The CB1 receptor
CB1 receptors are found mostly within the central nervous system . Peripherally, CB1 receptors have been identified in the spleen, heart, adrenal gland, ovaries, endometrium, testes, among others [1, 22]. Furthermore CB1 receptors have also been localized intracellularly on the mitochondrial outer membrane . Mitochondria regulate the energy demands of the cell, thus compromises in its function, from aberrant cannabinoid signaling [23, 24], will deregulate energy metabolism . For example, THC induced mitochondrial dysfunction has been associated with pathologies such as stroke . Mechanistically, mitochondrial CB1 receptors are thought to modulate complex I activity via a process involving soluble adenylyl cyclase . Since mitochondrial function controls apoptosis, disruption of this role can impact the process of producing quality gametes, subsequently interfering with embryogenesis and lead to the production poor quality embryonic stem cells . Furthermore, ovarian ageing is also associated with increased accumulation of mitochondrial DNA mutations which are likely to affect mitochondrial biogenesis and impact oocyte quality . Additionally, placental oxidative stress is also linked to mitochondrial dysfunction  and may impact vascular remodeling in the placenta  which is important for tissue oxygenation and organ function. Dysregulation of placental vascular development can result in a number of adverse pregnancy outcomes such as intrauterine growth restriction and preeclampsia [32, 33]. CB1 receptors are also found in the hypothalamus, the central regulator of energy homeostasis, further implicating a role for the ECS in energy balance. Moreover, the preoptic area of the hypothalamus contain CB1 receptors, from which secretory neurons for gonadotropin-releasing hormone (GnRH) are located .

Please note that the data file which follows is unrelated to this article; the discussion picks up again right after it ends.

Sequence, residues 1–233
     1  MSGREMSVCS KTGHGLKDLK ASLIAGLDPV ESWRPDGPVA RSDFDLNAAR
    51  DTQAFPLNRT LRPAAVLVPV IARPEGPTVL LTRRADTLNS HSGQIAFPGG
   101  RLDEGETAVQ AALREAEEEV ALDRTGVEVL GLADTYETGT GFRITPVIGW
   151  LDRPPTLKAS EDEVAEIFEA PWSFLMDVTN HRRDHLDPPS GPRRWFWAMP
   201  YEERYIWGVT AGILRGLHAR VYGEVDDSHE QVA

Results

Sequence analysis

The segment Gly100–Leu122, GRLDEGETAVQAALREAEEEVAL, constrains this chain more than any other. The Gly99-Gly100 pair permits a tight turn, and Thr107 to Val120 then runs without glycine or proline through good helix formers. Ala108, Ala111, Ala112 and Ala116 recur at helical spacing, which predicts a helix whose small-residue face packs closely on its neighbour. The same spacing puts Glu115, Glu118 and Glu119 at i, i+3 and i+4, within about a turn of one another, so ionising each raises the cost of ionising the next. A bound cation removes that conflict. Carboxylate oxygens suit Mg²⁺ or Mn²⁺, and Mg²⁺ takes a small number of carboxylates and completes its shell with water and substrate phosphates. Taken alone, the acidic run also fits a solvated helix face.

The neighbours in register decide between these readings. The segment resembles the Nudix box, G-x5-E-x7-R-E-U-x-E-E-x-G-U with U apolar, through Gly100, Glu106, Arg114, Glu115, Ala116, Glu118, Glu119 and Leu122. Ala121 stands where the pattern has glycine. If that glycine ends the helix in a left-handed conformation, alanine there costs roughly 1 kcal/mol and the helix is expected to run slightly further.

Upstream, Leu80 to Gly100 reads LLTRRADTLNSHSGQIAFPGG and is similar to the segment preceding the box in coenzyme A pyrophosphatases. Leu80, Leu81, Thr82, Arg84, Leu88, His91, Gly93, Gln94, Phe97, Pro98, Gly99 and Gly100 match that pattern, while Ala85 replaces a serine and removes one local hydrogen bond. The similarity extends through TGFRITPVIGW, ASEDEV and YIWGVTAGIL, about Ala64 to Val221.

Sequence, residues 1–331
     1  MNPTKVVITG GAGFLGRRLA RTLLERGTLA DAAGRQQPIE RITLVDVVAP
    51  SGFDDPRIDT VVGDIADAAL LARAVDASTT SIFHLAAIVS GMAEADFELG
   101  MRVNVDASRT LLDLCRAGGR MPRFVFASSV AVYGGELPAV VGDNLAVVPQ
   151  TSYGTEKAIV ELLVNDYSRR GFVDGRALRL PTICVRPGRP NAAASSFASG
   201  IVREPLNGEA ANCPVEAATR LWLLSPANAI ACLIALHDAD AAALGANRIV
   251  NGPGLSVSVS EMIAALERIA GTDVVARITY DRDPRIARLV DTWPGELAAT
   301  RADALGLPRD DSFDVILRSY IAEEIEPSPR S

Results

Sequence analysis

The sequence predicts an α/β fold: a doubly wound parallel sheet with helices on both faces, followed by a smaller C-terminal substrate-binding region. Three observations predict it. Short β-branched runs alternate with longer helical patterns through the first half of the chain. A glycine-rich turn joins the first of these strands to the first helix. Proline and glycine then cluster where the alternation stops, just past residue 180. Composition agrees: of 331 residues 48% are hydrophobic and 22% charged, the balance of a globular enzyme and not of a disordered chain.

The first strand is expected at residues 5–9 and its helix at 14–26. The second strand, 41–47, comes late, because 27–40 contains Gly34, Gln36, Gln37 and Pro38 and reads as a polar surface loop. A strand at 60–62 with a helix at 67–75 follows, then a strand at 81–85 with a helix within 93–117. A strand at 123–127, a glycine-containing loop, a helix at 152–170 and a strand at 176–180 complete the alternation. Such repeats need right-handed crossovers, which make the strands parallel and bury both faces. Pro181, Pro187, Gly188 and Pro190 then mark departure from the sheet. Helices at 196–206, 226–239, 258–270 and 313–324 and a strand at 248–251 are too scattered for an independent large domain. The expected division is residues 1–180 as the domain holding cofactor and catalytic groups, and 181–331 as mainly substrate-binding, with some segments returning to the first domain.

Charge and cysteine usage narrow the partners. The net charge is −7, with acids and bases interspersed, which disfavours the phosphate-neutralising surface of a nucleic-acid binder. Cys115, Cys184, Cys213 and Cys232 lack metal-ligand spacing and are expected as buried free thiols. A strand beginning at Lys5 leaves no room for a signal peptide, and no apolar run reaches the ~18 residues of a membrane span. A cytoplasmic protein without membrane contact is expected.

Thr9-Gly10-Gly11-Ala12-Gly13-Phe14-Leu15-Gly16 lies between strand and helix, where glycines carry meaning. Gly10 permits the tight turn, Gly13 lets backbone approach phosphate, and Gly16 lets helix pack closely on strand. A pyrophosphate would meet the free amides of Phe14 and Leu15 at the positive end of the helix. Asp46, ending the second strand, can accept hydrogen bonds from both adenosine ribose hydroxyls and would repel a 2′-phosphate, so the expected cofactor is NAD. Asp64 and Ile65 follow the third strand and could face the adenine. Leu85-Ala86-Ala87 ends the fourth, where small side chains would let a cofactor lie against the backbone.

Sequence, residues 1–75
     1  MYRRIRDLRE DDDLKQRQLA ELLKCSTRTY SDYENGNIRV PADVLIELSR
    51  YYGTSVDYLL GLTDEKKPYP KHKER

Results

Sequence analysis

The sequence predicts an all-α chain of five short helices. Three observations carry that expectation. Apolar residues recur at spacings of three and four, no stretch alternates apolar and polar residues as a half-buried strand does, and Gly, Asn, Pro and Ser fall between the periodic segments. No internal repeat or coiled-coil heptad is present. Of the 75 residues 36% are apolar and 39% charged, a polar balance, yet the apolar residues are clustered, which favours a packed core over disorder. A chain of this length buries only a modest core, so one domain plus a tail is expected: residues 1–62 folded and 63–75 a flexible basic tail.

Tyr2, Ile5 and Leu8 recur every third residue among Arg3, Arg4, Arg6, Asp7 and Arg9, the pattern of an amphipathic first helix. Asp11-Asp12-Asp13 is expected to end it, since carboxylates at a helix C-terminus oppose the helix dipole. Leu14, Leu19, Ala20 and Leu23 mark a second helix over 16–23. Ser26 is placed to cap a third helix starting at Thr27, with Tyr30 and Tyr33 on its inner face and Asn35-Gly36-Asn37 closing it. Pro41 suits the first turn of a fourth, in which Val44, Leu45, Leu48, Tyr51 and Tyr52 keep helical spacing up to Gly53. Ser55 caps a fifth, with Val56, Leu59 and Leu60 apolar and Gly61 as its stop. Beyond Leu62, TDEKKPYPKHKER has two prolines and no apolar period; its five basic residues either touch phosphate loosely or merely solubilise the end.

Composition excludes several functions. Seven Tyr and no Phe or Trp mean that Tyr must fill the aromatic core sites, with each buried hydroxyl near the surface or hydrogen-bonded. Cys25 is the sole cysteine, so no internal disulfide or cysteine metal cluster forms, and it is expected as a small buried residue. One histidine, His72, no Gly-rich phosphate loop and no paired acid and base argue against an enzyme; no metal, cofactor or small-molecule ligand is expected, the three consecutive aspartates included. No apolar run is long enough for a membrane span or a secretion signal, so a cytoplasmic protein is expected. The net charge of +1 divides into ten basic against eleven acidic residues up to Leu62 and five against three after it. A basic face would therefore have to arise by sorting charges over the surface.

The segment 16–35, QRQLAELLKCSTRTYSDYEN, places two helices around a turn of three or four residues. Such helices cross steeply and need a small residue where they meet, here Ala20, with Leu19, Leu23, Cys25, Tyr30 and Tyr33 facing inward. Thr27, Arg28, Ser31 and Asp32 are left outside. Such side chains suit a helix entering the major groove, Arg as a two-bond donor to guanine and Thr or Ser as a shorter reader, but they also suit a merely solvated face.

The CB2 receptor
Like the CB1 receptor, CB2 is also a G protein coupled receptor demonstrating 44% sequence homology to CB1 [6, 22]. CB2 receptors are predominantly found peripherally within cells of the immune system, such as lymphocytes and macrophages . El-Talatini et al confirmed the presence of CB2 receptors in the ovarian cortex, ovarian medulla, and ovarian follicles from human samples , which followed a similar staining pattern as CB1 in the same tissues . However, Wang et al found that in murine oocytes, the action of endocannabinoids were mediated by CB1 receptor activation, not that of CB2. . This interspecies difference highlights the importance of utilizing human reproductive tissues as a means to study the impact of the ECS on its function/dysregulation .
Endocannabinoids are thought to also target a number of other orphan receptors. These include the GPR55 (also known as CB3) and GPR119 receptors which have signaling mechanisms distinct from CB1/CB2 [3, 16, 36]. Other receptors targeted by endocannabinoids include TRPV1, cytosolic target for AEA; and nuclear PPAR. Pertwee et al provide a detailed review of these other receptors and their pharmacology .